Renowned for its rugged terrain, this park is used by the military to train soldiers. However, there is plenty to love about Brecon Beacons National Park, too. The striking Black Mountain, the lovely Sgwd yr Eira waterfall, and the tree-less “Great Forest” can all be found here, though much of the park is just grassy moorland, grazed by sheep and native ponies. Broad valleys, ancient woodlands, and craggy mountaintops make this corner of South Wales very appealing, and it is home to the Hay Festival, which brings together some of the most exciting creative voices in literature and arts. Like North York Moors, this park is a Dark Sky Reserve, making it the perfect remote camping spot for stargazing. The name Brecon Beacons? It refers to the sequence of green ridges housed within the park, where mountaintop fires were lit to warn of coming invasions.
Location: Northwest England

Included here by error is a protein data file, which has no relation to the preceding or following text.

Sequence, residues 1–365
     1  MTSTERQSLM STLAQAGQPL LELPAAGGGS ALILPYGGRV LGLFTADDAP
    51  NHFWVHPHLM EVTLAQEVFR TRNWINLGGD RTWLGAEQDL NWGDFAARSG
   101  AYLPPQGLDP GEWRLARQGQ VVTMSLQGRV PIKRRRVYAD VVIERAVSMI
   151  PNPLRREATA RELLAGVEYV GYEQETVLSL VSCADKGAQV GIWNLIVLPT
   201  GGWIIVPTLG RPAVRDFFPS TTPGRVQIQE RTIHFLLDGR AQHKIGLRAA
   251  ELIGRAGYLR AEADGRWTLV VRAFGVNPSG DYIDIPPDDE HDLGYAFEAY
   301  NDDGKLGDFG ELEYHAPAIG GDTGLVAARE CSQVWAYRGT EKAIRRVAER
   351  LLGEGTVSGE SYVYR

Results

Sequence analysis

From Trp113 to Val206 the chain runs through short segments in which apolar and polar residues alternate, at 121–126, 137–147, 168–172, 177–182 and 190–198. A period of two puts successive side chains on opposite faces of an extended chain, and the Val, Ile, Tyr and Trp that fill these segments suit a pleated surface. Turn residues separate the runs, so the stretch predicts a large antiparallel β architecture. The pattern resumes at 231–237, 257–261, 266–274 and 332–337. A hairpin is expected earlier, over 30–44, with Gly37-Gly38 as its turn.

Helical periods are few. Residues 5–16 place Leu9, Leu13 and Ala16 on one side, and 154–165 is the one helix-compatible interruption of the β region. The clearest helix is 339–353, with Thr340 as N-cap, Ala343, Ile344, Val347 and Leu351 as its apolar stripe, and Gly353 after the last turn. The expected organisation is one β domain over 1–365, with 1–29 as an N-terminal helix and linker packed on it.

There are plenty of lakes here, but they are known by many different names: ‘meres’, ‘tarns’, and ‘waters’. England’s largest national park, this is a rugged swathe of country, molded by centuries of sheep farming. Against a backdrop of craggy fells, water activities as diverse as kayaking, paddleboarding, and yachting take place on these bodies of water. England’s highest mountain, Scafell Pike, is here, with many other fells and mountains, with gorgeous glacial valleys, stunning waterfalls, inviting towns and villages, and more than 1,800 miles of public footpaths and bridleways. Famously, poet William Wordsworth ‘wandered lonely as a cloud’, but you are unlikely to be lonely here, because this UNESCO-protected site has so much going for it that it is the most popular park in the UK, drawing millions of visitors each year.